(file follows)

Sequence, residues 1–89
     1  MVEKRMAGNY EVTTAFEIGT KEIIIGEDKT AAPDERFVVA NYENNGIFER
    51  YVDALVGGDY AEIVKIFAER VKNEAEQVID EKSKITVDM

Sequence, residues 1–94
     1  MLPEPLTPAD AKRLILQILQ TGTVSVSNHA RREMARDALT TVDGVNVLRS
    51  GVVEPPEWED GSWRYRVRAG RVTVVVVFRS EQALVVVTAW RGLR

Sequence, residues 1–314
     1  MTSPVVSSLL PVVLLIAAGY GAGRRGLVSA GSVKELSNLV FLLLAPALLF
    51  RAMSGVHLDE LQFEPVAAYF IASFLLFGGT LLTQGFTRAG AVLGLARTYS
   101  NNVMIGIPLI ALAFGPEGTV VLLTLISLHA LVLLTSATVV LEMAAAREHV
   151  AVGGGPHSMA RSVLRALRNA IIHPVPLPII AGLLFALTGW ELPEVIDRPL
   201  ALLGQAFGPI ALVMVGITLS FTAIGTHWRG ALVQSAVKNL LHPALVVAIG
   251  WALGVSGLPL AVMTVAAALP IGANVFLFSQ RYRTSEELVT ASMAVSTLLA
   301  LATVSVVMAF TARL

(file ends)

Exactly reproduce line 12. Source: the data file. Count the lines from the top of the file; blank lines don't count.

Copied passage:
   201  ALLGQAFGPI ALVMVGITLS FTAIGTHWRG ALVQSAVKNL LHPALVVAIG